In Search of Costumes from Many Lands

Filling in the Gaps: Missionaries in Service of the University Collection

Introduction

Both Blackmore and Sharp worked with missionaries to collect ethnological dress- and textile-related artifacts from Southeast Asia. Prior to the professionalization of anthropology, missionaries served as intermediaries and knowledge holders for public and private institutions. In fact, the first Chief Curator of Anthropology at the American Museum of Natural History, Franz Boas, worked with missionaries stationed throughout countries in Southeast Asia to expand the museum’s collections to include artifacts from Myanmar, India, Japan, China, and Korea in the early twentieth century. The reasons why missionaries collected examples of ethnological dress however differed from that of American anthropologists and home economists. While Blackmore and Sharp sought to document Indigenous authenticity for the advancement of design education and the preservation of cultural knowledge, missionaries used Indigenous dress practices to demonstrate the validity of missionary work. In the nineteenth and early twentieth century, object lessons played an important role in promoting the need for religious enlightenment; religious educators used objects to illustrate theological truths and values within and outside of the classroom. By collecting and circulating objects that, to them, exemplified the practices and beliefs of the heathen world, missionaries underscored the need for and success of missionization. Missionaries also sought to transform Indigneous dress practices abroad by promoting new cultures of consumption. Their objective was not to merely eradicate Indigneous appearance styles, but to refashion the wants and needs of Indigenous peoples so that they mirrored Christian values. One way they sought to achieve this was through their establishment of capitalist markets that presented certain articles of clothing as more desirable than others, specifically underwear, handkerchiefs, and umbrellas. In this light, missionary work demonstrates the complex ways Westerners actively worked to change Indigenous dress practices while also cultivating certain practices that they then used to support Western-constructued narratives of Indigenious peoples as “Other.” Sharp and Blackmore’s collaborations with missionaries impacted their perception and role of Indigenous dress practices. Blackmore collected examples of ethnological dress that were constructed specifically to advance the missionary cause, while Sharp understood missionaries as useful partners on projects aimed at integrating tribal peoples into Thai national culture.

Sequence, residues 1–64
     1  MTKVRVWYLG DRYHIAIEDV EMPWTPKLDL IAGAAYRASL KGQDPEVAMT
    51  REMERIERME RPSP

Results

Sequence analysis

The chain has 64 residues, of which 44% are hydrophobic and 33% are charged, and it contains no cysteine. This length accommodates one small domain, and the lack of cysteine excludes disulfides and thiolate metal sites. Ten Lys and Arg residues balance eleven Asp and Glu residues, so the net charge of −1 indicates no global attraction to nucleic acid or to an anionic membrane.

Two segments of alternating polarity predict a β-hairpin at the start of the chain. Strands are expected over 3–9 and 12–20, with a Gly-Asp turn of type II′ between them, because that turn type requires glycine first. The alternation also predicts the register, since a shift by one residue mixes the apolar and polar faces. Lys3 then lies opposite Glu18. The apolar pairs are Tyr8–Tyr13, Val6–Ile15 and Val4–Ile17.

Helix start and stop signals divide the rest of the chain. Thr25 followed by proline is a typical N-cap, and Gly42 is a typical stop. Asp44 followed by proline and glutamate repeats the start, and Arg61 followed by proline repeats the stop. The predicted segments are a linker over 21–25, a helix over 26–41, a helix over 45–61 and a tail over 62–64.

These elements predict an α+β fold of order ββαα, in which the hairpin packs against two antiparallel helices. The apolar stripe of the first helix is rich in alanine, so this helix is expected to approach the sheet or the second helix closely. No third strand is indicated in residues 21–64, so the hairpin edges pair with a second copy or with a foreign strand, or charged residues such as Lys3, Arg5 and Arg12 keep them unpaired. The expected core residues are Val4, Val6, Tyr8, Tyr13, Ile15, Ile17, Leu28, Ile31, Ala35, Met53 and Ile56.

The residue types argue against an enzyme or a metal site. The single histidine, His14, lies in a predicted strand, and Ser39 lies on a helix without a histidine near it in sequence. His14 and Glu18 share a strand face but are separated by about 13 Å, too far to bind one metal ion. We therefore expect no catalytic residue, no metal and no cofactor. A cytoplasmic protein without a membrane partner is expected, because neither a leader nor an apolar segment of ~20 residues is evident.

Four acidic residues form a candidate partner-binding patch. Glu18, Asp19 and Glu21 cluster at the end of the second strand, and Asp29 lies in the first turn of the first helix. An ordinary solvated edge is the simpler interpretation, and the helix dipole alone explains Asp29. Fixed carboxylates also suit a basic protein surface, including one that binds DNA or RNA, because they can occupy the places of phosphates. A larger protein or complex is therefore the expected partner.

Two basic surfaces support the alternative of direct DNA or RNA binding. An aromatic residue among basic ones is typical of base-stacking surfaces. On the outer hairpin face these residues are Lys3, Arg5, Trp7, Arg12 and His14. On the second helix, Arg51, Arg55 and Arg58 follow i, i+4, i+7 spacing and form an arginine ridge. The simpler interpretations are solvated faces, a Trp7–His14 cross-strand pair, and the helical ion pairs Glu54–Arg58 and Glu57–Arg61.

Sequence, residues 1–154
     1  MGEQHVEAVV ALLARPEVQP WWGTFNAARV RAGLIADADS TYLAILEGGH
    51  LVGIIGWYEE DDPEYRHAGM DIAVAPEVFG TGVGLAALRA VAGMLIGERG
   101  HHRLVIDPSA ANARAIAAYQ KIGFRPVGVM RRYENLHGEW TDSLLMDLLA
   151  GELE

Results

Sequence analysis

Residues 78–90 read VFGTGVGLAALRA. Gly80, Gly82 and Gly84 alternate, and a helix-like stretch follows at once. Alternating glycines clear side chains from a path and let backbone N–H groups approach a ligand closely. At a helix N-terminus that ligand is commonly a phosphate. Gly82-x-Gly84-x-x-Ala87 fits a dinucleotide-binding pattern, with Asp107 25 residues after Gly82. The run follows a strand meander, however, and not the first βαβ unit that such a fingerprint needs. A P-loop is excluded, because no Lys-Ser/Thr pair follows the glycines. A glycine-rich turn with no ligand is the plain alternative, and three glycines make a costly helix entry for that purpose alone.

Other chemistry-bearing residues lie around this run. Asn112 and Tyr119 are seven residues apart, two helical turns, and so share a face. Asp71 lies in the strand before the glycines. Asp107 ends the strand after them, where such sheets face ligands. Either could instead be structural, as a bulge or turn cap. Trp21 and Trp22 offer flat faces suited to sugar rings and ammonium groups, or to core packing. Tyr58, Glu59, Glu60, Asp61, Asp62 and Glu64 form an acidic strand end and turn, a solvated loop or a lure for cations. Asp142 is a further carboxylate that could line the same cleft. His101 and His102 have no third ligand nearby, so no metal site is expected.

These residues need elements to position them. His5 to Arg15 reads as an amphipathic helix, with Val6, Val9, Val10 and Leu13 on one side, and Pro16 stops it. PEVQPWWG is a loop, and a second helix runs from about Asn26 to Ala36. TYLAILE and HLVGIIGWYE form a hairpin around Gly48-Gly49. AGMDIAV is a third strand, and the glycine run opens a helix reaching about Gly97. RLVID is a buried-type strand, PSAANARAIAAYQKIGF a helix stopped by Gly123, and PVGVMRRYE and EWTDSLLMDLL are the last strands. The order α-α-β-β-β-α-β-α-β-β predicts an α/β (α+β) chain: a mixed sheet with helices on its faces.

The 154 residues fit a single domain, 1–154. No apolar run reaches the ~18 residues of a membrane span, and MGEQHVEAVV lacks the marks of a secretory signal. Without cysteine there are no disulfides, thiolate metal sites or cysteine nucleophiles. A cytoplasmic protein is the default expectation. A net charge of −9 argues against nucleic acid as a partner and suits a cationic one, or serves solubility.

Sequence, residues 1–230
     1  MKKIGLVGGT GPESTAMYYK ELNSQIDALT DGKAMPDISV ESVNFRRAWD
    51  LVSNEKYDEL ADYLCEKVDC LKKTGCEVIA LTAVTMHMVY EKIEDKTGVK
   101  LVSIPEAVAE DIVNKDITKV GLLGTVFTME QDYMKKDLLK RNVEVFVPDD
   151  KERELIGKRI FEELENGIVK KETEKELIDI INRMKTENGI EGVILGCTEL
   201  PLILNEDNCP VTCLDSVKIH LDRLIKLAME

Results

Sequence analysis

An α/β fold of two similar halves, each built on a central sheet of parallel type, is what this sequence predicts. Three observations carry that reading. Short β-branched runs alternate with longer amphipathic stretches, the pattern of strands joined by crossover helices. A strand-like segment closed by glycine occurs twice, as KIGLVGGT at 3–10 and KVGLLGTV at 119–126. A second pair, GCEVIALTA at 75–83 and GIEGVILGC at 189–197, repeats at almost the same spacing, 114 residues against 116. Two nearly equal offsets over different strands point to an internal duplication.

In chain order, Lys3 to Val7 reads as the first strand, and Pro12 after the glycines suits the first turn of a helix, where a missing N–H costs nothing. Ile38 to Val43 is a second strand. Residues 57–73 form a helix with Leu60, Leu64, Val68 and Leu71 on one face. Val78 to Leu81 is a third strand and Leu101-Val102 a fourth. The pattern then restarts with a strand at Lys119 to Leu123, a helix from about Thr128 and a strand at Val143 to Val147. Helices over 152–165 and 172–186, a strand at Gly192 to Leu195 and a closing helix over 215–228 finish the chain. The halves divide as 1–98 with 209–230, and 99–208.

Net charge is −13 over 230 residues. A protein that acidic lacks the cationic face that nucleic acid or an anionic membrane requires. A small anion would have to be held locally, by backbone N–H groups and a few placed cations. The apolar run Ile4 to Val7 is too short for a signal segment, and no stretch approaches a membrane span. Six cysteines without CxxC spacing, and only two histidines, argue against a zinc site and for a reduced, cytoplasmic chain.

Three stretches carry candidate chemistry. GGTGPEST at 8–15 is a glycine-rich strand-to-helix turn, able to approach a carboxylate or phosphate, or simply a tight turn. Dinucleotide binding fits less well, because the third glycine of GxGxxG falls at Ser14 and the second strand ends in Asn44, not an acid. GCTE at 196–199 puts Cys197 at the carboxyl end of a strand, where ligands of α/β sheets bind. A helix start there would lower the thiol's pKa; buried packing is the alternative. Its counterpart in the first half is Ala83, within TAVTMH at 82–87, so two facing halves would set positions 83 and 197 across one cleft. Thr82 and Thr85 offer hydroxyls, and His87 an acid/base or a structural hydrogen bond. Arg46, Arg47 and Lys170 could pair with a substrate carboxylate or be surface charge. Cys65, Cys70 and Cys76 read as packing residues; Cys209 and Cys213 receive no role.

Beulah Blackmore

Philippines Group at 1939 installment of “Costume of Many Lands”
Courtesy of Rare and Manuscript Collection, #23-19-2807